pointing out through a window!

I'm having some pipe made up to feed through a wall and mounting the
silencer on the outside. All good so far, I hope, but I'm not sure how to
seal the hole in the wall. I would rather not leave a gap around it as
there is a possibility of rain running down the outside of the pipe and
into the wall and garage but what do I seal it with and is it a good move
to do so?


I'd go for a downward slope through the wall, then an elbow pointing the
pipe downwards on the outside - I have faith in Gravity To seal the hole
you could try glass-fibre rope (wrapped around the pipe and packed into the
hole) from the Proper plumbers' merchant / stove shop to avoid draughts, and
a piece of suitably-bent ally sheet over the elbow to deflect the rain?


Another question, does anyone have experience of high temperature paints?
I believe that there is paint that will withstand high temperatures and is
used to paint exhausts. Yes I will go and Google in a minute but 1st hand
experienced comments are always welcomed. The idea being that although it
is impossible to make an exhaust look pretty, maybe possible to make it
look less ugly.


I used to use Sperex VHT enamel, sold for exhaust manifolds, not sure if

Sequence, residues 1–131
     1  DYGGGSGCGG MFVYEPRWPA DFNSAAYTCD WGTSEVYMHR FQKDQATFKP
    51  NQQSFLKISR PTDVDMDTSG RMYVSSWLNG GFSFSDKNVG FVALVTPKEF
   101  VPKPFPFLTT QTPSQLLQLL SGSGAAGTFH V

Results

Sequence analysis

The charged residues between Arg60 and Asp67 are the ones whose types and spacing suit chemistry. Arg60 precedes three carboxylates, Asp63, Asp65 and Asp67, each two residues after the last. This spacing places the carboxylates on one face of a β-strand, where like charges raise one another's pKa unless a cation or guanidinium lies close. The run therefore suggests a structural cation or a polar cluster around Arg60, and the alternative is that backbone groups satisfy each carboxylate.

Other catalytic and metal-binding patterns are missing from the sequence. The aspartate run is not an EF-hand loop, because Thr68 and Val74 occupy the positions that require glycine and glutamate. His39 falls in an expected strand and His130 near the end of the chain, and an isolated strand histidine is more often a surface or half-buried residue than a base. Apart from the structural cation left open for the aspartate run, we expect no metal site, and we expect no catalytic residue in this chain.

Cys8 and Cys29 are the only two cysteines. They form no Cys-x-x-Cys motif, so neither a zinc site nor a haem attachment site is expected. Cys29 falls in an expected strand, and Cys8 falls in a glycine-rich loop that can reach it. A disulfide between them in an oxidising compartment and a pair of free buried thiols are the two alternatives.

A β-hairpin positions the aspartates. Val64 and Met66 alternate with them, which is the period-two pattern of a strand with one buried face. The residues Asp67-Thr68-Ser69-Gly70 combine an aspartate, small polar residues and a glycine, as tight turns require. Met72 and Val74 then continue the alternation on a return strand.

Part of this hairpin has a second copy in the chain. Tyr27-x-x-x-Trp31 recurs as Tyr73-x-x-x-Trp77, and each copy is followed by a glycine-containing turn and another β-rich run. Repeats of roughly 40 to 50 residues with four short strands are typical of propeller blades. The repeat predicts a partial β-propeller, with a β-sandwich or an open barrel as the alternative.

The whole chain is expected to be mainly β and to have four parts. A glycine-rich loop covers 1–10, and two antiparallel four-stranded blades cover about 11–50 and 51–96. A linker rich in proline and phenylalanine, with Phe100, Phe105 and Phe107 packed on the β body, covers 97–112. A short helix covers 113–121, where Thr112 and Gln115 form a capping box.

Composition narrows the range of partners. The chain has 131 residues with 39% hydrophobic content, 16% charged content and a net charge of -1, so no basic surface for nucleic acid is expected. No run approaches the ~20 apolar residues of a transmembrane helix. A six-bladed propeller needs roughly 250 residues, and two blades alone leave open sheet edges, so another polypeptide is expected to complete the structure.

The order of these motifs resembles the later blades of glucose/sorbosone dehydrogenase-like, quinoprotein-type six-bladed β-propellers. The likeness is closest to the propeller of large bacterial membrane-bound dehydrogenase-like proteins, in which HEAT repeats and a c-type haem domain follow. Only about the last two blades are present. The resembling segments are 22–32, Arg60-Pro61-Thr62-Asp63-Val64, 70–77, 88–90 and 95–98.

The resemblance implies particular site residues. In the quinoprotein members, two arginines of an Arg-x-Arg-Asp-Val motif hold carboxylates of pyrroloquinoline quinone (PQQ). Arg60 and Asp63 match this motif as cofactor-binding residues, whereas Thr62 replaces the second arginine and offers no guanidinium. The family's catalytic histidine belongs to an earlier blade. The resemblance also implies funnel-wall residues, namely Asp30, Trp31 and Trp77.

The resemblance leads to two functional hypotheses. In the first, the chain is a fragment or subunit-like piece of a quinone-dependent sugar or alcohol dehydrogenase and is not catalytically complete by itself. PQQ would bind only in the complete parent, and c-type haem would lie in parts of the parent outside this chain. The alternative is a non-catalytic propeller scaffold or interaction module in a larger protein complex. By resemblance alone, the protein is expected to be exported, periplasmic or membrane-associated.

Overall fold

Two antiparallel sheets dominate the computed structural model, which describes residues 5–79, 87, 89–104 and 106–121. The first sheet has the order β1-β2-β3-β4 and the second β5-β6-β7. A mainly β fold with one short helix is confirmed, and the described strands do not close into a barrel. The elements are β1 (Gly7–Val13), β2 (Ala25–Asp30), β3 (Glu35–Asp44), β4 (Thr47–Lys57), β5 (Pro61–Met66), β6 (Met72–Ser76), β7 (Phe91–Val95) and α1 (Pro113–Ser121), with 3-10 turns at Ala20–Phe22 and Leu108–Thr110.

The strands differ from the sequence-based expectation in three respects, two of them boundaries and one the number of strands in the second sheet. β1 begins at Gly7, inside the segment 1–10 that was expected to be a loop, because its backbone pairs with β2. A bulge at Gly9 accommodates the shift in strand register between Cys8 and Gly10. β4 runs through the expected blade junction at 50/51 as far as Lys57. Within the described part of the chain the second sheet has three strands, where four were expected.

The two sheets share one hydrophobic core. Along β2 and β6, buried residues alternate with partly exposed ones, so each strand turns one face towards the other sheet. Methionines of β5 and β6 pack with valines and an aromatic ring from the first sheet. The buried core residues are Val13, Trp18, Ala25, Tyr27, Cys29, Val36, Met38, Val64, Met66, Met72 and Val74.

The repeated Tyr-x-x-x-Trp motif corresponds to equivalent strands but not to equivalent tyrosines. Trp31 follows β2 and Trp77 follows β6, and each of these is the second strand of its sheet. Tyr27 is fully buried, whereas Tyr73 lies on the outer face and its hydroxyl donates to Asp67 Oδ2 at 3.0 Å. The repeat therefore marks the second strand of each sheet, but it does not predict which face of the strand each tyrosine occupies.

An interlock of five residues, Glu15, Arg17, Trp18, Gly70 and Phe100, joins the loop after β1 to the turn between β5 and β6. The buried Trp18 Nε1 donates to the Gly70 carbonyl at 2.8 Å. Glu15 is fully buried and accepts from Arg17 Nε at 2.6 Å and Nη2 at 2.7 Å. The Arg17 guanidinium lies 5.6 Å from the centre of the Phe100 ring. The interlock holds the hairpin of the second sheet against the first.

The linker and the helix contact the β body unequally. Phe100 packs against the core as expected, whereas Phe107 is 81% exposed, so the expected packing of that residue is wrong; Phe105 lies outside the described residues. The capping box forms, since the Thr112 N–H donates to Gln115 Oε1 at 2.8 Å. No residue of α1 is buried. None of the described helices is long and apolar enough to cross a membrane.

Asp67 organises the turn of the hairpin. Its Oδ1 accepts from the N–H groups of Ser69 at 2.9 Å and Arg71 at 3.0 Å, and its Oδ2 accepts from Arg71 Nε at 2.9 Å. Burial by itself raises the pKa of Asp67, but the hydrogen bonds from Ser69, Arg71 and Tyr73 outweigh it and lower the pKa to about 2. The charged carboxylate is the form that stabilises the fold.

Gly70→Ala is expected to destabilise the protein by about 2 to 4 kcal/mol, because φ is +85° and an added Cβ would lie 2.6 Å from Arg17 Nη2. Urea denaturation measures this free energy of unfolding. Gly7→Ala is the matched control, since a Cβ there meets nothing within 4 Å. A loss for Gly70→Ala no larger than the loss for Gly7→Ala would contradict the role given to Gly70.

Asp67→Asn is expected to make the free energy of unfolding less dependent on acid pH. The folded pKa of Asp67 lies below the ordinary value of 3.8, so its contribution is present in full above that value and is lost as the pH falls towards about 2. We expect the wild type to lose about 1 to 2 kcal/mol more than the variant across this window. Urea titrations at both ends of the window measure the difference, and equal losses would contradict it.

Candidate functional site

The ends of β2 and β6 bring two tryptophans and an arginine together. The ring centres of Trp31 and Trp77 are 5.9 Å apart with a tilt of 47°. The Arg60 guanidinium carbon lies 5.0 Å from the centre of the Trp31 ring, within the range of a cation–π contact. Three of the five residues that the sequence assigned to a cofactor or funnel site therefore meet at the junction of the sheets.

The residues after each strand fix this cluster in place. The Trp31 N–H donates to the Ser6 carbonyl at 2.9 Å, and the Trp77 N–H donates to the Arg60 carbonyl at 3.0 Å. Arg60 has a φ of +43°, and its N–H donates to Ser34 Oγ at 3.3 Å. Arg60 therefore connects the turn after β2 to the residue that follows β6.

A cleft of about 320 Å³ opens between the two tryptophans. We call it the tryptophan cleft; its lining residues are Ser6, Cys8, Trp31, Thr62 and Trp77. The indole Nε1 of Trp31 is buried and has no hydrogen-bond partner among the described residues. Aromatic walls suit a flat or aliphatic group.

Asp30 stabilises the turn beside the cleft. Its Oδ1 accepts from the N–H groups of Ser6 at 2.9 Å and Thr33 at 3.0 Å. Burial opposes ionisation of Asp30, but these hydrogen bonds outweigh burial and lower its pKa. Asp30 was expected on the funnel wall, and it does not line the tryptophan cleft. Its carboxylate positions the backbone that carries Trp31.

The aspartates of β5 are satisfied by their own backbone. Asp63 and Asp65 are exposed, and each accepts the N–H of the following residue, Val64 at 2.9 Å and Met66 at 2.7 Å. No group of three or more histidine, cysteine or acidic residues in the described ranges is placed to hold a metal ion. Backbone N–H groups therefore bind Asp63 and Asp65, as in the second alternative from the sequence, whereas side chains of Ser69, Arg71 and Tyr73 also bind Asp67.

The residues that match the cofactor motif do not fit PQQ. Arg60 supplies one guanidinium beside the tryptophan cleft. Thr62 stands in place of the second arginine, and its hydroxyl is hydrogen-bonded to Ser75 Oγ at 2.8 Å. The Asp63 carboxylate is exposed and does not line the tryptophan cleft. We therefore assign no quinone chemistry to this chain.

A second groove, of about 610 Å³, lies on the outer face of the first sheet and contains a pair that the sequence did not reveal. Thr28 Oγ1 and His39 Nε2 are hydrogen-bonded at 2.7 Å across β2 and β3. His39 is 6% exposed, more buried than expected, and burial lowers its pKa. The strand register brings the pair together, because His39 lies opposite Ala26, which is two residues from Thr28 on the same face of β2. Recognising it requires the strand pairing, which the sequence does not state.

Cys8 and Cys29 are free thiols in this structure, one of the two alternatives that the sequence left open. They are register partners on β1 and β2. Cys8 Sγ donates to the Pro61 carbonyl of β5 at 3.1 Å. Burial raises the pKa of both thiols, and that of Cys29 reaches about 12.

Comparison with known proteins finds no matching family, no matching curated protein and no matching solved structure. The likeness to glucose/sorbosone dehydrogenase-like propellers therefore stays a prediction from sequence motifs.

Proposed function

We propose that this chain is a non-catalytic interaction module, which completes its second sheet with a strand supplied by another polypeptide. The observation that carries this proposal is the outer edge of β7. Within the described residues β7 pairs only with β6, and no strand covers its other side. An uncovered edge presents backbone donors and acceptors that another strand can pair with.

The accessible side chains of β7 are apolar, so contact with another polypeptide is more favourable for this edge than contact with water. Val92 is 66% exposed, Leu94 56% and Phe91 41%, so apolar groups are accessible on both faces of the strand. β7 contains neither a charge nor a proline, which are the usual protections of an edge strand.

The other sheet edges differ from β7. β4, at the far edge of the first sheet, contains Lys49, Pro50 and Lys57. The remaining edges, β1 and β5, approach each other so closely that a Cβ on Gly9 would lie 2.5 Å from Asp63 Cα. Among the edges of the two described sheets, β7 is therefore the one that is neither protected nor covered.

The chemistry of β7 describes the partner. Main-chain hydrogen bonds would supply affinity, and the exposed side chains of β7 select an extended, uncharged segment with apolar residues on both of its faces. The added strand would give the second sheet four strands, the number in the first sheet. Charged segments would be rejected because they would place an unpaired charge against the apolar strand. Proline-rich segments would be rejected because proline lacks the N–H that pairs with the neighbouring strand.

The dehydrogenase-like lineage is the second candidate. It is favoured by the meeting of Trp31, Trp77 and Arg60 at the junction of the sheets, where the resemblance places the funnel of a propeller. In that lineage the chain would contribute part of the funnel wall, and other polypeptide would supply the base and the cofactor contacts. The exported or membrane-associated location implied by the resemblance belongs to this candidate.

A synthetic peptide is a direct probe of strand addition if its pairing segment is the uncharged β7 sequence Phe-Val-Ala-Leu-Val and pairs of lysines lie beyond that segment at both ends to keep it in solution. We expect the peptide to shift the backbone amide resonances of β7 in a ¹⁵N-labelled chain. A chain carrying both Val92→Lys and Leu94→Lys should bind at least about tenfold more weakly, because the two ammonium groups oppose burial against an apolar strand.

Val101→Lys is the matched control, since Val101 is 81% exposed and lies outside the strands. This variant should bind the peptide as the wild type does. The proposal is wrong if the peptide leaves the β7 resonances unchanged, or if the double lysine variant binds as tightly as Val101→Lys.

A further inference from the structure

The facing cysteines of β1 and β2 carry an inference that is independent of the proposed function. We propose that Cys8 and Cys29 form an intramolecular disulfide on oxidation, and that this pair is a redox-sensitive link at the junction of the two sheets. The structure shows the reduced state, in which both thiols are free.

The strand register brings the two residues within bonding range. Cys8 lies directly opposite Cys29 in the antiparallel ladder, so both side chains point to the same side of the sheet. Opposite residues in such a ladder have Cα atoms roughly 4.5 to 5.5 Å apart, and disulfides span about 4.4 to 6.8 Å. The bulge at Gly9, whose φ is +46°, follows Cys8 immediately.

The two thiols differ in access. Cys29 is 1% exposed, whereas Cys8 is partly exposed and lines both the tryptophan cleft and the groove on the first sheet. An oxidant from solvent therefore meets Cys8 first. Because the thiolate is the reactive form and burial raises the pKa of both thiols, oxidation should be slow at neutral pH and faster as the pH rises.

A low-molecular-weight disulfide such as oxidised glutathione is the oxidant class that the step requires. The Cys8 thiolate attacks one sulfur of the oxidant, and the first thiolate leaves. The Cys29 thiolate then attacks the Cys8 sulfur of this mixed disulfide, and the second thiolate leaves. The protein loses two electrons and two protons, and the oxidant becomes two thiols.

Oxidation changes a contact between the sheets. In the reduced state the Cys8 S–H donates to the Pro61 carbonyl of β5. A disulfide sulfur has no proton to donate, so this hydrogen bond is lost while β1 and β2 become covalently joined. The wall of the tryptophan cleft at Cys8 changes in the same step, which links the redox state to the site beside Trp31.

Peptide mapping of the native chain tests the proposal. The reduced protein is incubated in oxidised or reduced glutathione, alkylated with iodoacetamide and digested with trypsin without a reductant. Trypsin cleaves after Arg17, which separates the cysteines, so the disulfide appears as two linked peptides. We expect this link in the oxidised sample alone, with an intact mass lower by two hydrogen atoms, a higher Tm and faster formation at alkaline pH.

it's still available or under the same name - Halfrauds will have similar in
a choice of colours, I'd think. I found that it adheres better if stoved
*before* passing hot exhaust through it, give it a day to dry then pop it in
SWMBO's oven on gas mark 6 or 7 for an hour or two, then open all the
windows to let the stink out before she gets home from the shops

Just my tuppence worth,

Dave H.
--
(The engineer formerly known as Homeless)

"Rules are for the obedience of fools, and the guidance of wise men" -
Douglas Bader


  #5  
Old May 27th 10, 07:29 AM posted to uk.d-i-y
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Posts: 6,024
Default Generator exhaust through a wall?

Dave H. wrote:

I'd go for a downward slope through the wall, then an elbow pointing the